Reports of the United States Commissioners to the Paris Universal Exposition, 1867: Published Under the Direction of the Secretary of State by Authority of the Senate of the United States
U.S. Government Printing Office, 1870
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agricultural American amount annual application arts attendance average bales better branches Britain cents character chemistry clothing colleges color common condition consumption cotton course crop culture demand drawing embraces employed England English equal especially established Europe examination exhibited exports extent fabrics fact faculty five fleece foreign four France French geometry German give given goat higher hundred important improvement increase industry institutions instruction interest Italy kinds labor lectures less manufacture material means mechanics merino natural nearly obtained original Paris period persons physical pounds practical present principal production professors pupils race received schools scientific sheep silk South success superior supply teachers tion trade United various whole wool
Page 150 - ... to teach such branches of learning as are related to agriculture and the mechanic arts . . . in order to promote the liberal and practical education of the industrial classes in the several pursuits and professions in life.
Page 255 - January one thousand eight hundred and fifty-nine, no person shall be entitled to recover any Charge in any court of law for any medical or surgical advice, attendance, or for the performance of any operation, or for any medicine which he shall have both prescribed and supplied, unless he shall prove upon the trial that he is registered under this Act.
Page 251 - The Royal College of Physicians : The Royal College of Surgeons of England: The Apothecaries Society of London : The University of Oxford: The University of Cambridge : The University of Durham : The University of London : The College of Physicians of Edinburgh : The College of Surgeons of Edinburgh : The Faculty of Physicians and Surgeons of...
Page 87 - Behold, thou art fair, my love; behold, thou art fair; thou hast doves' eyes within thy locks: thy hair is as a flock of goats, that appear from mount Gilead.
Page 148 - The Legislature shall encourage the promotion of intellectual, scientific and agricultural improvement; and shall, as soon as practicable, provide for the establishment of an Agricultural School.
Page 65 - I found both masters and foremen in other countries much more scientifically educated than our own. The workmen of other countries have a far superior education to ours, many of whom have none whatever. Their productions show clearly that it is not there a machine working a machine, but that brains sit at the loom, and intelligence stands at the spinning wheeL...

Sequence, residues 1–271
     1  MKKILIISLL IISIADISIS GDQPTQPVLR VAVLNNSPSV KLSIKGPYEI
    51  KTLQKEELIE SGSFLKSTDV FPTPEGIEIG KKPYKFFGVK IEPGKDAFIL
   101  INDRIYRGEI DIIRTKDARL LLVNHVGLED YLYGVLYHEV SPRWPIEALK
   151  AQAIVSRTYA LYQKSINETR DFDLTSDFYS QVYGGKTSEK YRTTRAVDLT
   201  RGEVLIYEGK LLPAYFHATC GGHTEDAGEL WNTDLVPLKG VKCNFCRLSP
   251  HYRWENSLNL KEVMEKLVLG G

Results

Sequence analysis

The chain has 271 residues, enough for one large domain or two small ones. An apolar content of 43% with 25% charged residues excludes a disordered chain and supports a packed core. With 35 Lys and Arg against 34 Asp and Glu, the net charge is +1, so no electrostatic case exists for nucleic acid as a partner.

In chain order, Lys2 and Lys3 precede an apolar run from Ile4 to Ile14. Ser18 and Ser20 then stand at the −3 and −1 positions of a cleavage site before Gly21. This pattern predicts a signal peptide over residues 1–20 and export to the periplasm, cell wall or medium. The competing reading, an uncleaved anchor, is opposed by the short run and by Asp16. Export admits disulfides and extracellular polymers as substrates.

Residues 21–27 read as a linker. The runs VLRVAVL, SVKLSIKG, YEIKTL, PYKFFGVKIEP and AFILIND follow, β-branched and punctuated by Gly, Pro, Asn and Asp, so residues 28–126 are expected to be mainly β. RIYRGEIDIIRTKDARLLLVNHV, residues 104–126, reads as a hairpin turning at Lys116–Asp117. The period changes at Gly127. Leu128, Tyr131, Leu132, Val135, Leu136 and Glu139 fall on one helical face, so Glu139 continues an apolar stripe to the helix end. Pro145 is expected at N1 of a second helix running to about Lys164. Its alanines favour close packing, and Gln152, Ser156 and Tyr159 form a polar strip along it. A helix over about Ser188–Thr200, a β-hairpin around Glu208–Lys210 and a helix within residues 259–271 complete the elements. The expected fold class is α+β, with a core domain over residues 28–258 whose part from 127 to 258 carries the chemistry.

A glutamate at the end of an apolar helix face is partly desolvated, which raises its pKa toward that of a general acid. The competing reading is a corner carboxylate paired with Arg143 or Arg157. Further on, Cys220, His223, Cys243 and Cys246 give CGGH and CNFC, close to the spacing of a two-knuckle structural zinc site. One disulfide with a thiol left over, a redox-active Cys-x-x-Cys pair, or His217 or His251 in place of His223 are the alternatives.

Page 37 - There is hardly any considerable house in Lyons, in which there is not a partner who owes his place in it to his success as an artist. The town of Lyons is so conscious of the value of such studies, that it contributes 20,000 francs per annum to the government establishment of the School of Arts, which takes charge of every youth who shows an aptitude for drawing, or imitative design of any kind, applicable to manufactures. Hence all the eminent, painters, sculptors, even botanists and florists of...
Page 383 - ... course in civil engineering, in part identical with the general scientific course, bat concluding with professional studies ; and, finally, shorter courses in mining, engineering, and in analytical chemistry. Excellent working chemical laboratories are in operation. Valuable collections in natural history and in the fine arts have already been formed, and the astronomical observatory is fast becoming one of the most distinguished in the country. The degrees conferred in this general department...
Page 92 - Some i observations on a few of the principal districts is all that will be attempted. It has already been stated in a former part of this work, that Massachusetts is the principal manufacturing state in this country. An act was passed by the Senate and House of Representatives of that state, in 1837, for the purpose of obtaining " Statistical information in relation to certain branches of industry within the Commonwealth.
Page 293 - The question of the establishment of normal schools began as long ago as 1816 • the honor of the first public advocacy of their importance belonging to Denison Olmsted, afterward for many years, and up to the time of his death, a distinguished professor in Yale College. But the movement then begun did not culminate in the actual establishment of such an institution until 1839, when, under the stimulus of a conditional offer of $10,000 by Mr. Edmund Dwight, of Massachusetts, legislative measures...